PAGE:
In terms of sugar content, a mango and Sour Patch Kids provide almost the same amount of sugar per serving. A one-cup serving of mango contains 23g of sugar, whereas a serving of Sour Patch Kids is 16 pieces at 24g of sugar. When you look at these facts, it’s easy to rationalize that a mango is just as “bad for you” as a handful of Sour Patch Kids.  

But this information is also taken out of context. It’s like a social media post – all we see is one, usually happy, moment in time, but we don’t have an image of the ongoing struggles that most people face. Similarly, what we miss from only looking at sugar content is that a serving of Sour Patch Kids is 110 calories and doesn’t contribute any other nutrition. Meanwhile, a serving of mango is 100 calories, and it contains over 20 different vitamins and minerals that benefit our health. Now that’s what we call nutrient dense! 

Not to mention, mangos are loaded with antioxidant capabilities and fiber helping to prevent sugar spikes and making them a more satisfying snack. If we turn the magnifying glass back to Sour Patch Kids, the ingredients list is quite literally filled with different types of sugars and dyes. They will be metabolized quickly, meaning you’ll end up hungry again quicker and your blood sugar will go on a bit of a rollercoaster.  So, when we look at the whole picture, it’s clear that we’re getting much more than just 23g of sugar in a serving of mango. But with candy, what you see is typically what you get!

A Few Final Thoughts

If we’re looking to pinpoint what’s wrong with the American Diet, we need to consider how far we have strayed from the basics of nutrition: the foods that nourish us and make us happy. Over centuries, humans have eaten all sorts of plants, including fruits, vegetables, nuts and seeds, and many also hunted for various meats. At the end of the day, humans require certain nutrients from macronutrients (like carbohydrates, protein and fat), vitamins and minerals for our bodies to function properly. In order to stay healthy and feel our best, the main priority should always be satisfying our nutritional needs, which at the end of the day come from eating a balanced diet.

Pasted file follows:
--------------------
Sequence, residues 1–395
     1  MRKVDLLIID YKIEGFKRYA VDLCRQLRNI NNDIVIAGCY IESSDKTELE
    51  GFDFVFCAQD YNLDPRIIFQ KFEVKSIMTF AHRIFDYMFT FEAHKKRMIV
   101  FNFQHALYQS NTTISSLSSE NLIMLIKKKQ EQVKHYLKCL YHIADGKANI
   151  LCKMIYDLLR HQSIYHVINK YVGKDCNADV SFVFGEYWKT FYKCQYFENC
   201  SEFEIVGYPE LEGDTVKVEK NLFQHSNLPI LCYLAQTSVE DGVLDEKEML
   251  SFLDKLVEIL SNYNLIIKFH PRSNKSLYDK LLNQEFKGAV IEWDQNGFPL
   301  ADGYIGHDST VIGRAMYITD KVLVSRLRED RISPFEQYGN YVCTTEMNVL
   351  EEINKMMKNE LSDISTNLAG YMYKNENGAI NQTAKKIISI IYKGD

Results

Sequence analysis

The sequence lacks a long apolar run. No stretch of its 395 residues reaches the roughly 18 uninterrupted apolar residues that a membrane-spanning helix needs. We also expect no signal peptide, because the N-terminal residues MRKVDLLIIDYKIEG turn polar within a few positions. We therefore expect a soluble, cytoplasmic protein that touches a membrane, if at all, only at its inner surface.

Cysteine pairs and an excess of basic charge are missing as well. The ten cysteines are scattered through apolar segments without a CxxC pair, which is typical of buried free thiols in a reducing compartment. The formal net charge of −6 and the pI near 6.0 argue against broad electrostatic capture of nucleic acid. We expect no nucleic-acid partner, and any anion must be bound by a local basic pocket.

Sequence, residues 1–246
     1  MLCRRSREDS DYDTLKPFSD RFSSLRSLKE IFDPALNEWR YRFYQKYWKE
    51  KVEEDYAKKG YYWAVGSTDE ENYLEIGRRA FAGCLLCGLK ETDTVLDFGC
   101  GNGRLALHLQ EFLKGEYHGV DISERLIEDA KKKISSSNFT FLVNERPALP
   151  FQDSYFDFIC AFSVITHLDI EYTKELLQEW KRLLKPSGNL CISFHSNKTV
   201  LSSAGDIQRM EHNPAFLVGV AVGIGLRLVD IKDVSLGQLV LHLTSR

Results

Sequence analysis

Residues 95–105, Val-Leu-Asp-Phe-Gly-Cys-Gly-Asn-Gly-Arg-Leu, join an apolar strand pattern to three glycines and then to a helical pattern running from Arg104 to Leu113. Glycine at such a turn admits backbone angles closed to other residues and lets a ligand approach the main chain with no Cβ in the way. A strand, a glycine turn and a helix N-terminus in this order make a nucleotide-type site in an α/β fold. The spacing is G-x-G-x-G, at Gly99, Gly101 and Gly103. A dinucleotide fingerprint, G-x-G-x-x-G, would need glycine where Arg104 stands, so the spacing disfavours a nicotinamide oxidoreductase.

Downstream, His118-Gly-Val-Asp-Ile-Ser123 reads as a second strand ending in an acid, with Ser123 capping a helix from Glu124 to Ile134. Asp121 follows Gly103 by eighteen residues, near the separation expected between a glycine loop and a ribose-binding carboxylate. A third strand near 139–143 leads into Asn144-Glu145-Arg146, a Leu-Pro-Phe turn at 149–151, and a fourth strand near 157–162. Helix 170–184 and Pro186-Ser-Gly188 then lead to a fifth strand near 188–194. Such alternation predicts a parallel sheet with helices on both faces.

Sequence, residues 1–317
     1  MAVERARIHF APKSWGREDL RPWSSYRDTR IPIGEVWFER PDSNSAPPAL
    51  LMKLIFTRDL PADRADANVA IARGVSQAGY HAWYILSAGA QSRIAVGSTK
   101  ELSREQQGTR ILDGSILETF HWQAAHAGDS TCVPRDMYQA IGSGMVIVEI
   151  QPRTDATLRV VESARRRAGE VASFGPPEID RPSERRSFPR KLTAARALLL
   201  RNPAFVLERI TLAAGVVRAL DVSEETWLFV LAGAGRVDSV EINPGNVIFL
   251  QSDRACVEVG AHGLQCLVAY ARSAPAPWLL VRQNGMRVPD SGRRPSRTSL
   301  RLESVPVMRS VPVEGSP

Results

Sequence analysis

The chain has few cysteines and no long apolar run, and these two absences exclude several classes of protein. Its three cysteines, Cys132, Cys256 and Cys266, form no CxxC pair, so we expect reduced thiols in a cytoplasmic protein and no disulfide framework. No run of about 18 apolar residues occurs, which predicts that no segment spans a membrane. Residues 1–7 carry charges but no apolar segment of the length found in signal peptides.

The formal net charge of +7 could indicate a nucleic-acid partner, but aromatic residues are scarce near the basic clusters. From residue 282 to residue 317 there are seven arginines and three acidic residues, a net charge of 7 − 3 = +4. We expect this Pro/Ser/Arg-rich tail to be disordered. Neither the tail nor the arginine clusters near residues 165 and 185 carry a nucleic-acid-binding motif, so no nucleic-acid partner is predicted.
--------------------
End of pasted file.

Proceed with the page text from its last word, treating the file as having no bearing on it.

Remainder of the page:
Adding fruits and vegetables to your diet has been long established to help with weight loss and to prevent chronic diseases like cancer, type 2 diabetes and heart disease. Fruits are loaded with antioxidants, fiber, essential nutrients and minerals and a whole lot of delicious natural sugar. They’re known as nature's candy for a good reason – they’re the healthiest sweets around!
 
All of this just goes to reinforce that you shouldn’t feel like you have to avoid certain foods for a weight loss diet–especially something as benign and nourishing as fruit! Instead of limiting certain ‘sugary fruits’ like the banana and mango, you’re probably better off trying to limit the amount of ultra-processed foods you eat, like Sour Patch Kids, that come with a whole bunch of ingredients that nature never intended.

We also understand that certain processed foods have crept into our diet to keep up with our busy, on-the-go lifestyle. That's why at Everipe, we're proud to have created a product that merges both needs: convenience and whole food nutrition.  Our smoothie kits are made from freeze dried fruits, which allow the fiber and many of those vital nutrients to stay intact. Our smoothies have no added sugars and are packed to the brim with superfood fruits, helping to boost fiber and nutrition, keeping you satisfied longer and preventing that sugar crash.